10 Questions for Adam David Thompson
You might recognize Adam David Thompson from his role as Albert, the creepy, lurking serial killer in Liam Neeson’s latest kicking-ass-and-taking-names flick, A Walk Among the Tombstones. It’s the kind of role the actor often finds himself playing. “I typically play these weird, bad kind of guys,” he says. “If I thought about why that is, I’d have a complex. It could be my height in relation to my body weight, maybe, or the awkwardly low voice, or how creepy I look with a goatee? But typecast is still cast, so I’m not really concerned about it.”
Thompson—who is actually very nice and not at all creepy in real life—was born and raised in Florida, where his family has lived for generations (they own an orange grove, and Thompson’s grandmother modeled oranges in trade magazines). He moved to New York City after he graduated from Florida State University in 2006, and he’s still getting used to some aspects of the city—namely, the weather. “The thing I’m most afraid of, being a Floridian, is winter,” he says. “I’m not good at winter yet, anyway.” We sat down with the actor—who's currently filming the Amazon series Mozart in the Jungle alongside Gael García Bernal and Bernadette Peters—to find out what it’s like to fight with Liam Neeson, why Key West is awesome, and the one person he’s dying to have a crazy night out with.
Liam Neeson is such a badass. What was it like working with him?
I have two scenes with Liam, one of which is an all-out brawl. He’s one of the best actors of our time and he’s one of those guys who’s always present and with it. But on top of that, he’s a very light, jovial human being, making jokes when we needed it.
At one point, David Harbour [who plays the other serial killer, Ray] and I have these earpieces in for a scene so we can hear Liam’s phone conversation. David and I are the only ones who can hear Liam, and he’s out in a car outside. For awhile I just heard him breathing while we were getting ready, and then I heard somebody open the door and say, “Liam, do you need any water?” “No, I’m OK,” and then the door shut and I just heard breathing again. Then one of the production assistants asked if I needed a water—so then, Liam can hear our conversation, and he realizes that I can hear him. So he’s like, “Tell her no, tell her you don’t need any water.” So I’m cracking up, because no one can hear it but David and I! So the director comes over and Liam’s like, “Tell him you know what you’re doing!” I’m laughing, and everyone thinks I’m crazy.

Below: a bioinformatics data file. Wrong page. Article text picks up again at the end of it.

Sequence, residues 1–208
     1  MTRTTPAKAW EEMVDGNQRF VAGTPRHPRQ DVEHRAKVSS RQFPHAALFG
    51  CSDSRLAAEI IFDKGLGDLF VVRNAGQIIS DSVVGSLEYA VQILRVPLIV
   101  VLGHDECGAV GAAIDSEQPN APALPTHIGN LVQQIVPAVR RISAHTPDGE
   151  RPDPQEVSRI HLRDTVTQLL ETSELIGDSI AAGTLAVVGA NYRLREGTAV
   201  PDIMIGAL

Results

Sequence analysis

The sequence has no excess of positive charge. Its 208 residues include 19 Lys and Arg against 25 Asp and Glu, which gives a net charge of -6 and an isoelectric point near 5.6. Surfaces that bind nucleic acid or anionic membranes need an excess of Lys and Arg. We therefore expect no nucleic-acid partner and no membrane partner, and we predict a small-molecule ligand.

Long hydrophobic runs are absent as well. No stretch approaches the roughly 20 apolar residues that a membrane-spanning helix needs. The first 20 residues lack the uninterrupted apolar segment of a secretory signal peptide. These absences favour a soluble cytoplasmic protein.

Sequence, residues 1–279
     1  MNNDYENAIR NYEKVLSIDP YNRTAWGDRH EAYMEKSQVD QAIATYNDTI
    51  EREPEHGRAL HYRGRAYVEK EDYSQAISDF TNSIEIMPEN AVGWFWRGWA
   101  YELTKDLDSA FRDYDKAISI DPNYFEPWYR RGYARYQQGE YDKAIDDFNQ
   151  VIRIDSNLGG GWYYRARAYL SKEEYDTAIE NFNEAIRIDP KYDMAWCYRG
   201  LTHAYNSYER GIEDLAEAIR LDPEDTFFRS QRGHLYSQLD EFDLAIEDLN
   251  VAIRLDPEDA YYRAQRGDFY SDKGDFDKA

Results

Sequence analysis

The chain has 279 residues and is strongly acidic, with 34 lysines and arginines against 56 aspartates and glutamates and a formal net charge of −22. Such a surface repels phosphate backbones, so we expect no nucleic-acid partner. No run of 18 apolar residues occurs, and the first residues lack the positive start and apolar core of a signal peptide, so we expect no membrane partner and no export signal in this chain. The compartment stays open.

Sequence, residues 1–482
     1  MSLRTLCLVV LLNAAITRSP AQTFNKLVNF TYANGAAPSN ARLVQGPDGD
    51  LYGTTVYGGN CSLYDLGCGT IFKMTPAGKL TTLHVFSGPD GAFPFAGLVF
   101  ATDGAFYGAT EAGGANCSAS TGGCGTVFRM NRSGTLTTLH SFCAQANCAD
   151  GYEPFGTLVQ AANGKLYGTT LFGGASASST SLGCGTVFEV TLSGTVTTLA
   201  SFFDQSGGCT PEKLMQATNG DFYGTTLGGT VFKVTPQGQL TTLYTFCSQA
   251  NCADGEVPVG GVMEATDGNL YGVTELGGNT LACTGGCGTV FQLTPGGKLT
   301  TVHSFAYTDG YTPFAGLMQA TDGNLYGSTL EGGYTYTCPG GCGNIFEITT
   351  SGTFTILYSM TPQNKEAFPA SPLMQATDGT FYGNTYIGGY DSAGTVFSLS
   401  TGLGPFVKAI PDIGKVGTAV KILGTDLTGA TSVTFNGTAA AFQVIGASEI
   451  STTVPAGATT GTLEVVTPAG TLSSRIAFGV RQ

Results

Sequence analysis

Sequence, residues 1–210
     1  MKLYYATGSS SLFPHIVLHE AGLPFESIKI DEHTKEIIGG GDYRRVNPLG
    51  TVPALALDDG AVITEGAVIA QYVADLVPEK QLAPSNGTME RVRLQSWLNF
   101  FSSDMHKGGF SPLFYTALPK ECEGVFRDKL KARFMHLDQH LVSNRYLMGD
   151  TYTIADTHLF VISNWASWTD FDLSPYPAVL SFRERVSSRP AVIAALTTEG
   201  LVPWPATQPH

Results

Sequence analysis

So he’s just a really great guy, and when we were fighting, after cut was called, the first thing Liam would do would be to help me up, or ask me if I was OK.
Is it weird to watch yourself on screen?
Absolutely. I’ve seen it three times—once at Universal, and then at the screening, and then a bunch of my friends were going. And I was like, “I’m not going to go.” There’s only so much I can watch of myself before I start going, “Oh, why did I do that?”
We were shooting Tombstones for 14 weeks or something, and my character barely speaks, but he’s almost always there. When I went to see it with a real audience, being on set as much as I was, knowing every nook and cranny of it, I was going, “OK, is that moment scary?” Because I know it’s coming. So seeing the movie with an audience, there are moments at the end where people are talking to the screen. That was really cool, so I’m glad I saw it with an audience. You can’t really replicate that.
From looking at your IMDB page, it seems like you’ve done a wild range of films. What’s one genre you haven’t hit yet that you’re dying to do?
I want to do a nasty, chewing tobacco, six-shootin’ Western really badly. It’s just cool! Those movies are so iconic, and I just love the characters that are mainstays: the town drunk, and the sheriff that’s really stand up but he’s got a flaw. And the music, the camera movements, the long rides over the plains. It’s just something I really want to do. And plus, I’m tall and gangly. It’s such a good fit!
Florida is home to many colorful characters. Who’s your favorite Floridian?